September 2016 Rates Recap

Ultra 10 Futures Set Records as Options Open Interest Grows

Ultra 10 futures: traded over 9.1M contracts by 300+ global participants since Jan. 11 launch. Additionally:

  • Record 198,966 contracts traded on Aug. 26
  • Record open interest surpassed 227K on Aug. 26
  • Monthly high in August with an ADV of 81K

Ultra 10 options: launched simultaneously with futures and traded over 18K contracts.

  • Record volume of 10K contracts on Aug. 31
  • OI over 10K
  • Trading in both U.S. and overnight hours, market makers responding to RFQs + making block markets

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Market Embraces Invoice Spreads

Invoice Spreads between U.S. Treasury Futures and CME Cleared Swaps provide highly efficient access to swap spread exposure. Invoice Spread volumes are up 52% in Q3, to nearly 60K contracts per day ($6B notional).*

Benefits for swap spread traders:

  • Use of Treasury Futures drives cost efficiencies given higher implied capital requirements for cash Treasuries
  • Futures liquidity and trading activity has expanded, including recent success of Ultra 10-Year contract
  • Clearing both legs of the spread at CME enables significant margin efficiencies of up to 80%

Flexible execution methods:

  • Submitted as Treasury Futures EFRs – currently the primary method
  • Electronic trading and Committed Cross available
  • Block trade submission via CME Direct

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Managing Treasury Futures Delivery Options and Tails

September is a delivery month for Treasury futures, with several events that have the potential to lead to deliveries occurring prior to the last delivery date.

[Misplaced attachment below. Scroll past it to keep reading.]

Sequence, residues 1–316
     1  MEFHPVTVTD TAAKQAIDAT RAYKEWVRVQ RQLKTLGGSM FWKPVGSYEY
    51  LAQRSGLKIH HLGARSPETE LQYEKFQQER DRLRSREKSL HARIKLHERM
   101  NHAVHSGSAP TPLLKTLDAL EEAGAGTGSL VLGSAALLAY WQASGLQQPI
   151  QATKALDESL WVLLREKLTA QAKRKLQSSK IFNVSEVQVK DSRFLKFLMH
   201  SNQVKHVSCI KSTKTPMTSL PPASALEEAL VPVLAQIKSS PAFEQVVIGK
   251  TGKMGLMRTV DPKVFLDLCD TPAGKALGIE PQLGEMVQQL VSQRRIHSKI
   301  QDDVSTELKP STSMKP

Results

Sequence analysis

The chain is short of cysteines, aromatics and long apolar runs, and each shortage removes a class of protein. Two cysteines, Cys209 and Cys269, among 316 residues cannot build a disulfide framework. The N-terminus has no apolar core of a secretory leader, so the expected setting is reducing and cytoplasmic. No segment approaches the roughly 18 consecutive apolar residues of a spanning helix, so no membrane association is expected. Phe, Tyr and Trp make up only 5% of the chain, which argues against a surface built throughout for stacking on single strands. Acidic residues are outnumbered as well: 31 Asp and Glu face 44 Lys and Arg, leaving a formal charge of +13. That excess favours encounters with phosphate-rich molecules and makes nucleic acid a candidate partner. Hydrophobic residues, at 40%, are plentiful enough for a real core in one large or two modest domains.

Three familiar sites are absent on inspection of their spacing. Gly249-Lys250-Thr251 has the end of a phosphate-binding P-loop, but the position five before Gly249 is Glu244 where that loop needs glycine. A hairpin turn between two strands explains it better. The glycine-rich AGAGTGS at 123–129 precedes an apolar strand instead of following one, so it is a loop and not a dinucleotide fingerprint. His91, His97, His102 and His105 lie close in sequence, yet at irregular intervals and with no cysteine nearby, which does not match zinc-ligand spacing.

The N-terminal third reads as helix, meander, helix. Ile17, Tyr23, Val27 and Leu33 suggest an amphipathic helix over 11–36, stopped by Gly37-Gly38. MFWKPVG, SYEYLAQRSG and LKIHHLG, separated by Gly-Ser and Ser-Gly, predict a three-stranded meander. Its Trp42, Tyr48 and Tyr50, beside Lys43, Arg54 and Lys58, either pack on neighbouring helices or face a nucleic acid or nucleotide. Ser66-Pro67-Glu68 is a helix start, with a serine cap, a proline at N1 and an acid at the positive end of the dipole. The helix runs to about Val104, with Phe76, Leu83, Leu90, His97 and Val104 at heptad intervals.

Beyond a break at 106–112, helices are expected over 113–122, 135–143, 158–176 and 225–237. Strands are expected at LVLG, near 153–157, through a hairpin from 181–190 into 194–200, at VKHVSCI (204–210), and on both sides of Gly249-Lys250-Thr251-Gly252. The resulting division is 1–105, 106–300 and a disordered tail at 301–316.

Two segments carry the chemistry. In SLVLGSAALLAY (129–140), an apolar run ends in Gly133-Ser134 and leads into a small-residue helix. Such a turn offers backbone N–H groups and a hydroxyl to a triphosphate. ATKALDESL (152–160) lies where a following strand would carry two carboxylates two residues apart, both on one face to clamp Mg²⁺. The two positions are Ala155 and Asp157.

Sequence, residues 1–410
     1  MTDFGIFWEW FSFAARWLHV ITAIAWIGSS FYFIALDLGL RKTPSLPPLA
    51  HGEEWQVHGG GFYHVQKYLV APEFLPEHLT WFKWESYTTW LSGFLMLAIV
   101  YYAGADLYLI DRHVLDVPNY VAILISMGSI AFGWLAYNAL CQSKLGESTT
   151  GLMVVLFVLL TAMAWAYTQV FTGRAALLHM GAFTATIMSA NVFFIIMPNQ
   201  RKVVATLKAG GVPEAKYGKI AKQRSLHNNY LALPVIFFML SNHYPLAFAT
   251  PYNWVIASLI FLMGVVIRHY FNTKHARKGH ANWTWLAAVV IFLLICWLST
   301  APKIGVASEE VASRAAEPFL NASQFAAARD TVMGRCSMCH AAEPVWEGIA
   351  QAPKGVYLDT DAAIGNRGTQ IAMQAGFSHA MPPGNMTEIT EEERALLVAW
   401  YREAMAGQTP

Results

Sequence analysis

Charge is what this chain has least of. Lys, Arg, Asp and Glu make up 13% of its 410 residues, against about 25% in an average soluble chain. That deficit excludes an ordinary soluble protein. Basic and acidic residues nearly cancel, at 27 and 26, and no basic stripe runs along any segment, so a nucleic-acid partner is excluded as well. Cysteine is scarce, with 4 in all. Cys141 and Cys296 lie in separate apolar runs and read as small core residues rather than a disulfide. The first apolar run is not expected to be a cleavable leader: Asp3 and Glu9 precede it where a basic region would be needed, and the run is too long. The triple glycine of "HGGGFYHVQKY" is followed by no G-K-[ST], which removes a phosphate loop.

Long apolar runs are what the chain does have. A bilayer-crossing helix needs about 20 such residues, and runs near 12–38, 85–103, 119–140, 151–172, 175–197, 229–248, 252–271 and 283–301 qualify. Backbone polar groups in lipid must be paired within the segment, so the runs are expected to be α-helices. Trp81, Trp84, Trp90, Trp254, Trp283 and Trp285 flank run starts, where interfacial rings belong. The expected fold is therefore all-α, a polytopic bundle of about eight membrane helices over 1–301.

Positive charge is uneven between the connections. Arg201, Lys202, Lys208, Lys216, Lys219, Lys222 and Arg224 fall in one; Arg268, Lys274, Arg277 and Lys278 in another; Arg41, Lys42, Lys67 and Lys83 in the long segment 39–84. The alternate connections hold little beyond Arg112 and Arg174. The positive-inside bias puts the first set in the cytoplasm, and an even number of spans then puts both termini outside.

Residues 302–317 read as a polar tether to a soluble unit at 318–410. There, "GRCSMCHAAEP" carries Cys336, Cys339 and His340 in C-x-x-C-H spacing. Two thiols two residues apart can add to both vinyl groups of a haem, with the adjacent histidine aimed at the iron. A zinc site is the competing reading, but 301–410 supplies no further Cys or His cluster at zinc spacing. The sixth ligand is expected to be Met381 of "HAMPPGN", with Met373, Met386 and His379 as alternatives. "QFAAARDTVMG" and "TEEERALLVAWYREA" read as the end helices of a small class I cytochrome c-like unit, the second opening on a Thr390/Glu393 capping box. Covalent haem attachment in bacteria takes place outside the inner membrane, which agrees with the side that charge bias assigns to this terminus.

Our new whitepaper explains the Treasury cash-to-futures basis spread, the options embedded in the futures delivery mechanism, and tactics for managing basis spread exposures and delivery tails, which may be significant due to most Treasury delivery invoice conversion factors being considerably less than one.

Read Whitepaper


Data through Aug. 31, 2016.
*Compared to Q2 and based on Treasury Futures EFRs

Economic Update

Negative Rates: Not Needed, Not Helpful

Blu Putnam, Chief Economist

Central bankers are frustrated. After 2008’s financial panic, the recovery was modest, even with trillions of asset purchases plus zero and now negative rates in several countries. The eurozone’s average Q/Q real GDP growth rate (annualized) since 2010 has been a paltry 0.91%, Japan barely better at 1.00%, and the U.S. was the best at a measly 2.02%.

There has not been much inflation either. U.S. inflation is edging back toward 2%, while Europe and Japan continue to hover close to 0%.

The tension is rising among central bankers from the failure of monetary policy. What idea comes next? Well, if monetary policy does not work alone, link it to more expansionary fiscal policy in 2017 and beyond.

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FedWatch Tool: Track Rate Hike Likelihood Ahead of September FOMC

The CME Group FedWatch Tool, which shows the implied probability of a rate hike based on prices of 30-Day Fed Fund futures, is now projecting a 24% likelihood of a rate hike in September.

View Tool